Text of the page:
From the Stone County Enterprise:
CUPID NEGLECTS STONE COUNTY DURING 1922
Stone County has the least number of marriages of any county in Mississippi. It comes in at the bottom of the state with only 72 marriages. Bolivar County led in the number of marriages with 1,100.
From Stone County Enterprise, February 15, 1928 (An announcement)
We have examined and considered the America Pickle and Canning Company proposition to the farmers in the Wiggins Territory and give it our endorsement and support.
We urge every farmer in the Wiggins territory to put in some cucumbers for the factory
KENNEDY & COMPANY, KEW MERCANTILE, CO-OPERATIVE COMPANY, WIGGINS DRY GOODS CO., E.A. BOND GROCERY, JITNEY CAFE, BANK OF WIGGINS, BRELAND MERCANTILE CO., WIGGINS DRUG STORE, DUGGAN’S RESTAURANT, FARMER’S DRUG STORE, JOES THE TAYLOR, MARTIN BROTHERS, L.A. WALLER, JEWELER, E.R. SMITH HARDWARE, STONE CO. ENTERPRISE
From the Stone County Enterprise …. Oct. 13, 1927
PERKINSTON JUNIOR COLLEGE NOTES
“Bull Dogs Defeat Goodman“
The first championship game was played Saturday on the court at Perkinston, Miss. between the Perk Bull Dogs and Goodman Junior College. The Goodman boys put up a hard fight, but were defeated in the end, the score being thirty-one to nothing, in favor of Perk.
The weather was so unpleasant that everyone was afraid the game would be postponed, but upon questioning Coach, the following answer was given as the boys yelled over the campus… “we are going to play if we have to swim”. The rush began and the students could not be checked… Then standing in a torrent of rain, every student put his heart and soul in the game, and showed a clean one, and everybody enjoyed it.
Another Fun Fact from the August 5, 1916 edition of Stone County Enterprise:
“C.H. Lindsey, representing X.A. Kromer, Architect of Magnolia, was here Tuesday for the purpose of showing plans and specifications for a new courthouse.
W.R. Smith, member of the county board from beat 5 was in town Tuesday.
Miss Roberta Simmons will return to Purvis today after a week here with Miss May Boone. Miss Boone will return to Purvis with Miss Simmons to visit friends.for several days.
B.T. Price is nursing a bad hand caused by sticking a splinter in it a few days ago.”
From Stone County Enterprise August 5,1916
This listing was entitled PROFESSIONAL:
Attorney and Counselor at Law
Office in Post Office Bldg
Dr. J.A. Leggett
Dr. J.S. McWilliams
Second Floor Drug Store Building
Eye, Ear, Nose and Throat Specialist
Carter Bldg. Hattiesburg
Dr. W.M. Shepherd Dr. Z Causey
Office on Pine Street
Fun Fact: The following article was printed in April 1, 2004 edition of the Stone County Enterprise as an an insert Celebrating 100 Years of Progress.
BETHLEHEM BAPTIST CHURCH
Bethlehem Baptist Church of Wiggins was organized around 1896 by Brother John Moore and Sister Mary Moore and a few other individuals. The first preacher was Reverend Ford from Alabama. The first church was built above the Pickle Canning Factory, (became the Pickle Factory). Some time after its constructions, the building burned. The church members then held church services in the Methodist Church (located between what is now Danzey Tire Service and First National Bank. )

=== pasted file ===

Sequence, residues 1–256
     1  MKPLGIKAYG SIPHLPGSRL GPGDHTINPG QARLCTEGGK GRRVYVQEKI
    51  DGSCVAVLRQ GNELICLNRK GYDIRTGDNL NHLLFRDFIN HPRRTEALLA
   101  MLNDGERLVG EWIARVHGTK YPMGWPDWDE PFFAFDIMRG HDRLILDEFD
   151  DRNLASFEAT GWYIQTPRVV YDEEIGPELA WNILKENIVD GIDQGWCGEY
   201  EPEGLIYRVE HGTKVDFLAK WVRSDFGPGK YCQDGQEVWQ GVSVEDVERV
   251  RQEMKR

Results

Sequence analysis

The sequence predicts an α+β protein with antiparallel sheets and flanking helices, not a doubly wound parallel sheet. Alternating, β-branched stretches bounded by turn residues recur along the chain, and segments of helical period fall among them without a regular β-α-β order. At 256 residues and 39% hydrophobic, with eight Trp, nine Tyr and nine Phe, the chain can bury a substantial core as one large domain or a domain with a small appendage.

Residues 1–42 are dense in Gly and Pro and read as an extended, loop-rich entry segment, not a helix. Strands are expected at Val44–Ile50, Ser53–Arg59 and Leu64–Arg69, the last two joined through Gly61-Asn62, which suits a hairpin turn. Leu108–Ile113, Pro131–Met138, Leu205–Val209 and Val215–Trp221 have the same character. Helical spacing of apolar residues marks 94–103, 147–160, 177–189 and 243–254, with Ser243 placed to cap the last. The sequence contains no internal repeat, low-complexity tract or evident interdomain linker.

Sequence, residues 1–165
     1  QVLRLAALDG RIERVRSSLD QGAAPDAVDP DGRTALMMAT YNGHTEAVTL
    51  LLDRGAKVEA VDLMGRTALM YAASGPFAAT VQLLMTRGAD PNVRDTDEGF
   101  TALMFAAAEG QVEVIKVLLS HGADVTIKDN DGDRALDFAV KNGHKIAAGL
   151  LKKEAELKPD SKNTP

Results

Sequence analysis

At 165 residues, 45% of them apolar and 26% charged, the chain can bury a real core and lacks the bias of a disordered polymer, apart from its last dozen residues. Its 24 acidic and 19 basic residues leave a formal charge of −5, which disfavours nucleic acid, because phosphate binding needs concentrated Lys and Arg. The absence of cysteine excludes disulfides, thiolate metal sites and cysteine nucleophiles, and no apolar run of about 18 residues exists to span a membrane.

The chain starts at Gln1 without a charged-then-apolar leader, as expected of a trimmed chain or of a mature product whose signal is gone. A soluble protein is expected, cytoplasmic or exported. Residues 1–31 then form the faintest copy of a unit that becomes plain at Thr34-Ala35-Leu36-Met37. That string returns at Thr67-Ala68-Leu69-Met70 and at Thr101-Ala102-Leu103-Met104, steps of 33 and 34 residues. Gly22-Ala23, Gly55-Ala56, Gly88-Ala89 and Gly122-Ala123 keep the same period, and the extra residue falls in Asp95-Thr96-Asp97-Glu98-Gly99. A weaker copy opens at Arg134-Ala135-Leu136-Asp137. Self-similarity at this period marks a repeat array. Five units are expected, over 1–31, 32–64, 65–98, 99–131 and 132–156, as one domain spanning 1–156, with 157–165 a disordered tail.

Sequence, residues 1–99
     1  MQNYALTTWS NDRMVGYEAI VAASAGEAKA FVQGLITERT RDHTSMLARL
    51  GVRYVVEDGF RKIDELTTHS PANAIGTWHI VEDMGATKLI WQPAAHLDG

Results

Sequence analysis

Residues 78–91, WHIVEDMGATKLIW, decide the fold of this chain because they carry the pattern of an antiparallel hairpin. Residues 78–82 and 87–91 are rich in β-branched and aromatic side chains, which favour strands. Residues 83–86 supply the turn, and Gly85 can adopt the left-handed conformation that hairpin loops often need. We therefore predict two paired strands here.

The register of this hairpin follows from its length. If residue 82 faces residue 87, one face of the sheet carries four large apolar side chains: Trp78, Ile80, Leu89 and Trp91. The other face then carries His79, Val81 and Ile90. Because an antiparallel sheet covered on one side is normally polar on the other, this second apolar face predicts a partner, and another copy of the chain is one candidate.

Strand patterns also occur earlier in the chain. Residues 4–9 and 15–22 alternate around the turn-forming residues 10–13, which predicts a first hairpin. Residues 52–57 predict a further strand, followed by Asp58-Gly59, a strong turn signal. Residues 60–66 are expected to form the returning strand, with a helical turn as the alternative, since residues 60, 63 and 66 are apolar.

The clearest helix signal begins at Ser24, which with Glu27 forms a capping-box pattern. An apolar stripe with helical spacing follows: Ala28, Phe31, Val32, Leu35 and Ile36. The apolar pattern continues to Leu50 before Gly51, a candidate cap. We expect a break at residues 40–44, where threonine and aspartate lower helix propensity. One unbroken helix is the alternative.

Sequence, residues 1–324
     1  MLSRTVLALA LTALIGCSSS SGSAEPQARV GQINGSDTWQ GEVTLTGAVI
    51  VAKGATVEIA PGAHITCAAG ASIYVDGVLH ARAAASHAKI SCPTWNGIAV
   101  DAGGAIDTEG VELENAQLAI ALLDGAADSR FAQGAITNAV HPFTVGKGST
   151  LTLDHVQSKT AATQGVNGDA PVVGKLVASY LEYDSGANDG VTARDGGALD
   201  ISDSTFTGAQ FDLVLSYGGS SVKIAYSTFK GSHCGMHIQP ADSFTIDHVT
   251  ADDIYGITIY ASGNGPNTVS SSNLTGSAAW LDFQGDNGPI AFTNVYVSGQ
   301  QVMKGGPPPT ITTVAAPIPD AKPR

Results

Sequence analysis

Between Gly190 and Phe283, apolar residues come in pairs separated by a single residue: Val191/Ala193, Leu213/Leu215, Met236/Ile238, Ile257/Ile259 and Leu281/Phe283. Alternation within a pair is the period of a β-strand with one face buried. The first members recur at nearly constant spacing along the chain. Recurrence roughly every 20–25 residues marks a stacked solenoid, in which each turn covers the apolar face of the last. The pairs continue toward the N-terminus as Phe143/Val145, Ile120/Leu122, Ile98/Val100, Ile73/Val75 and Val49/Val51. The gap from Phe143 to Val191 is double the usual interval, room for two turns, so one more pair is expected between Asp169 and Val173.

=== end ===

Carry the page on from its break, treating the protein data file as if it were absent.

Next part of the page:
In 1903 the church called Rev. R.G. Gray as pastor. He served until April, 1947. During that time he and the congregation built three churches. Today the church building and family life center is located on Magnolia Drive in Wiggins.
“ Through the years, Bethlehem Baptist Church has remained a steady beacon to Wiggins and the surrounding communities.”
From the W.P.A. Research Project
Subject: Local Press and Other Publications
During the year of 1919, a person known to the readers of the Stone County Enterprise only as Bill Sawyer wrote some very interesting and entertaining letters to the paper. Mr. Sawyer ‘s true identity was never established except , perhaps by the editor of the paper.
Below is an excerpt of Bill Sawyer’s entertaining letters to the paper. Date: June 21, 1919
Bill wrote that a reader had asked him why he didn’t get into politics and he gave his reply. He said he had “throwed his hat in the ring “several years ago and made a race for a county office. At the beginning of the race, he decided to keep a close tab on everything he did and what it cost him. He wrote it all down in little black book. Here are some of the items he listed:
Lost 4 months, 23 days canvassing
Lost 1,1013 hours of sleep thinking about the election
Lost 23 acres of corn and my entire potato crop
Donated $11.00 to church and other charities
Gave away 2 pair of suspenders, 4 calico dresses, and 13 baby rattlers
Kissed 123 babies
Kindled 100 kitchen stoves
Cut eleven cords of wood,
Walked 920 miles
Shook hands 986 times
Told 10,101 lies and talked enough to make, in print, 1,000 volumes the size of a patent office report
Got baptised 4 different times by “emersion” and sprinkled twice
Gave $50.00 to foreign mission
Got dog bit 39 times
And then got defeated.
The following reminder appeared in the Stone County Enterprise,
August 5, 1916:
“Automobile drivers should remember that there is an ordinance governing the speed limit to TWELVE MILES PER HOUR on the streets and six miles per hour turning corners in Wiggins and should govern themselves accordingly.”
“Why do stores close on Wednesday afternoon in Wiggins”? Mike Cain found the answer in the Wiggins 100th birthday edition of the Stone County Enterprise. It was written in a timeline… “1933 Merchants of Wiggins voted unanimously to close their places of business on Wednesday afternoon of each week through the months of May, June, July and August. Drug stores, filling stations and restaurants would remain open.”
Later, “1943 –In view of shortage of help and scarcity of merchandise the merchants of Wiggins agreed unanimously to continue closing on Wednesday afternoon on a year round basis.”
No one knows why some merchants continue this tradition today.